These guidelines are intended to help you follow the standard formats for the IUP website.
Following the standard formats will increase consistency and usability across the website and maximize Google searchability.
Use them according to the guidelines below. They are not interchangeable.
Use the introduction style when highlighting the first paragraph of your content (see sample below). Here is how to apply the introduction style.
Indiana University of Pennsylvania was founded as Indiana Normal School in 1875, with 225 students and one building, John Sutton Hall.
In 1920, the school was awarded the right to grant degrees. Its name changed to the State Teachers College at Indiana, Pa., and its ownership changed to the Commonwealth of Pennsylvania.
The point of the introductory style is twofold:
Note: The introduction style is for the first paragraph only. Do not use the introduction style in place of headings.
Use headings for side heads within your content. They should be used in descending order: The title/headline uses Heading 1, the primary side heads use Heading 2 (red), side heads within the primary Heading 2 side heads use Heading 3, etc.
Following is information about grants offered through the office.
This grant provides funding to eligible undergraduates ...
Following is information about scholarships offered through the office.
This scholarship provides funding to eligible undergraduates ...
Please note the following:
Do not use introduction and a heading style. This alters the heading appearance and consistency.
Use italics to show emphasis. However, overusing italic type detracts from its ability to show emphasis.
Reserve bold for when you really need it. Overusing bold detracts from its ability to show emphasis. Using bold in text also detracts from the ability of headings to stand out on a page.
Do not use all capitals. They make text more difficult to read, and some people interpret them as yelling.
Note: Organizing text with the appropriate headings, ordered lists, and other styles may be a more effective way of showing emphasis.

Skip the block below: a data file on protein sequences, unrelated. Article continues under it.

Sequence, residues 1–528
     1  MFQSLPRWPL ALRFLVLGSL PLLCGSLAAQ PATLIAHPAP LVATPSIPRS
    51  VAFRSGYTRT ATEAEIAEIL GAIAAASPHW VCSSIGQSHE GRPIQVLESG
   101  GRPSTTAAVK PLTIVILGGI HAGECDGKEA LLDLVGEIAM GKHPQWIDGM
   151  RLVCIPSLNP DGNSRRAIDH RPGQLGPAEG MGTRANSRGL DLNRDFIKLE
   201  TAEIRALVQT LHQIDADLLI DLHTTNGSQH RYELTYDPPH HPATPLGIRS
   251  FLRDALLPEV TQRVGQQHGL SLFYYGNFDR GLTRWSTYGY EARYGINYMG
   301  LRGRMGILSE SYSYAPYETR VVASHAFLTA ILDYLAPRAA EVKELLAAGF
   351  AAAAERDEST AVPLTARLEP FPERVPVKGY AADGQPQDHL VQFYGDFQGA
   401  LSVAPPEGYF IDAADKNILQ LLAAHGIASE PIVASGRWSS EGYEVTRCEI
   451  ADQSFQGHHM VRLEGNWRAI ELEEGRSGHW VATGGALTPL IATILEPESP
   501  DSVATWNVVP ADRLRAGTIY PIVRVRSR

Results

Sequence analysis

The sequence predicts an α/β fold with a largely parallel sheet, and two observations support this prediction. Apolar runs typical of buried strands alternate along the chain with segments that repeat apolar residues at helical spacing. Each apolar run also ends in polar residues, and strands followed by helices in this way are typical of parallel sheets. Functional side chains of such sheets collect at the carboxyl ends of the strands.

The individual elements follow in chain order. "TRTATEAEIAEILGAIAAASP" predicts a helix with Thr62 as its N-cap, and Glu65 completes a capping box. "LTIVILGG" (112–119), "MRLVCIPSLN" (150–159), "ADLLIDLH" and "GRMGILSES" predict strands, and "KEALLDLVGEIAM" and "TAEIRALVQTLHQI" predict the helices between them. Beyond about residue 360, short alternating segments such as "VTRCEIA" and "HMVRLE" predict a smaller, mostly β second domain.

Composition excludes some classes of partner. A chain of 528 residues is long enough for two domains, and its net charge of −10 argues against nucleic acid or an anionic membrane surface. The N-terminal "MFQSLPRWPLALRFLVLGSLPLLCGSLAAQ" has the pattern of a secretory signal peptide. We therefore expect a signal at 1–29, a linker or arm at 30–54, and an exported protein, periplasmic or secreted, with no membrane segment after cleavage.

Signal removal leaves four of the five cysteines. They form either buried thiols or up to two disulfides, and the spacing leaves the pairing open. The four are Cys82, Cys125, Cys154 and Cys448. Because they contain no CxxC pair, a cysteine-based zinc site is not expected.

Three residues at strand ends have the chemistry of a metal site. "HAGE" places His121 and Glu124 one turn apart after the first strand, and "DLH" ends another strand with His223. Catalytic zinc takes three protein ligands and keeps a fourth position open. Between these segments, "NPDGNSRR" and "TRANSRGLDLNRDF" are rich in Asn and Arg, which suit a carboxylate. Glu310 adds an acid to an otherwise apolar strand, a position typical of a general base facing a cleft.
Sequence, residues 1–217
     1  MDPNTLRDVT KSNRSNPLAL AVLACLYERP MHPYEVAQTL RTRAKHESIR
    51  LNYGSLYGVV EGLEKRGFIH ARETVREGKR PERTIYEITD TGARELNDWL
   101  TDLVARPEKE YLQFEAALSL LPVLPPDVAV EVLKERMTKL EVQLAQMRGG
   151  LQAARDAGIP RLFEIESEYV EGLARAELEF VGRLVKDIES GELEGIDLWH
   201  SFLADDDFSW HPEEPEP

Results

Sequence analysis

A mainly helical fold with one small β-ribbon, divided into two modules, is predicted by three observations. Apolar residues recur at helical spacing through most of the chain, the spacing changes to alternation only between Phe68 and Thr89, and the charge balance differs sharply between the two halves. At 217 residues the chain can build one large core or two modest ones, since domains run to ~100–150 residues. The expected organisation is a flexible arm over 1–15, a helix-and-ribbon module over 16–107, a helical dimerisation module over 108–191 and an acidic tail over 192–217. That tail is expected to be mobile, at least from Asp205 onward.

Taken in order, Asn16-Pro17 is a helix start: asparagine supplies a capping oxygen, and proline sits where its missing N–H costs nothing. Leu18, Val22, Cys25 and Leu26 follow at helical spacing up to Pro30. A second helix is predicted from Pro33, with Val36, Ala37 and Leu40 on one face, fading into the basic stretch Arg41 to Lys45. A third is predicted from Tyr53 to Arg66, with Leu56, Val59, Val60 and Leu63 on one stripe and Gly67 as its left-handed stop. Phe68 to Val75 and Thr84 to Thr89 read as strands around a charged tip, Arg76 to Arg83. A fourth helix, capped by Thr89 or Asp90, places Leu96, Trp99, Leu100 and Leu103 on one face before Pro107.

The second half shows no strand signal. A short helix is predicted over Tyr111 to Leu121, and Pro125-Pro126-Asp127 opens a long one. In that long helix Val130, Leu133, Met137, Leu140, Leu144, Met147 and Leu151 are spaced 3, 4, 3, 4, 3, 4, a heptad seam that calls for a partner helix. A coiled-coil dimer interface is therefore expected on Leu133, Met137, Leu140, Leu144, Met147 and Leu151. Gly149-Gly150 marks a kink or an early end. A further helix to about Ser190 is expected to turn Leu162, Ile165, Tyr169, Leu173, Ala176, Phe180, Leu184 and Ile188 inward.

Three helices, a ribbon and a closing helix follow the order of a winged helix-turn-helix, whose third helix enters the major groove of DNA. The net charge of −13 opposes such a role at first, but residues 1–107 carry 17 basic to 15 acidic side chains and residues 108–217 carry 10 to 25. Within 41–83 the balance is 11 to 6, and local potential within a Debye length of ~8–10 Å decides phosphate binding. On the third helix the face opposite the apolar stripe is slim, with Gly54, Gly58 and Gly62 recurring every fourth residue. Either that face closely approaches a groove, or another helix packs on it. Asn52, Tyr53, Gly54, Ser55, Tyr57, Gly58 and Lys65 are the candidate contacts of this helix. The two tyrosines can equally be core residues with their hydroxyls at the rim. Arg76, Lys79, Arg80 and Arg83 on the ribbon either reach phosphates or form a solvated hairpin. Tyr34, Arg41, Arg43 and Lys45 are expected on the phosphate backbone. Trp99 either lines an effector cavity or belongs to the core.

The linked text should tell a person what is on the other side.
Learn more about the American Psychological Association.
Do not use URLs in text.
See American Psychological Association for more information.
See American Psychological Association, http://www.apa.org/, for more information.
Do not link a person's name to an email address. Link a person’s name to a page with more information about the person, but write out an email address.
Questions may be directed to Mike Powers, email@example.com.
For links to other sites/pages within the content management system, use quicklinks rather than hyperlinks.
When content moves, hyperlinks break. If you don’t know where to find content in the CMS, please ask!
Use the ordered or unordered list options in the formatting toolbar. Do not use special “bullet” characters or type the number of the listed item. Instead, highlight the lines that you want included in the list and select the desired option. Aside from maintaining a consistent style, doing this is also an accessibility requirement, as it allows people with visual impairment to understand that what they are reading is an actual list.
Please use the standard formatting styles provided on the toolbars within the CMS editor. Centered and underlined text, for example, are not used on the website.
Also, use the ordered-list styles—bullet points and numbered lists—provided by the CMS, rather than creating them by hand.
Avoid use of tables when possible. There is a growing focus on making websites more accessible to people with disabilities, and tables are not easily translated for those who use screen readers on the Web.
Photos and other graphics should be sized appropriately before being uploaded into the CMS. Do not resize images within the CMS; uploading oversized images is an inefficient use of storage space on the central server.
Standard photo sizes for the IUP website are as follows:
Do not use lines or combinations of symbols to make divisions in text. Proper use of headings should suffice.
Examples of what not to do: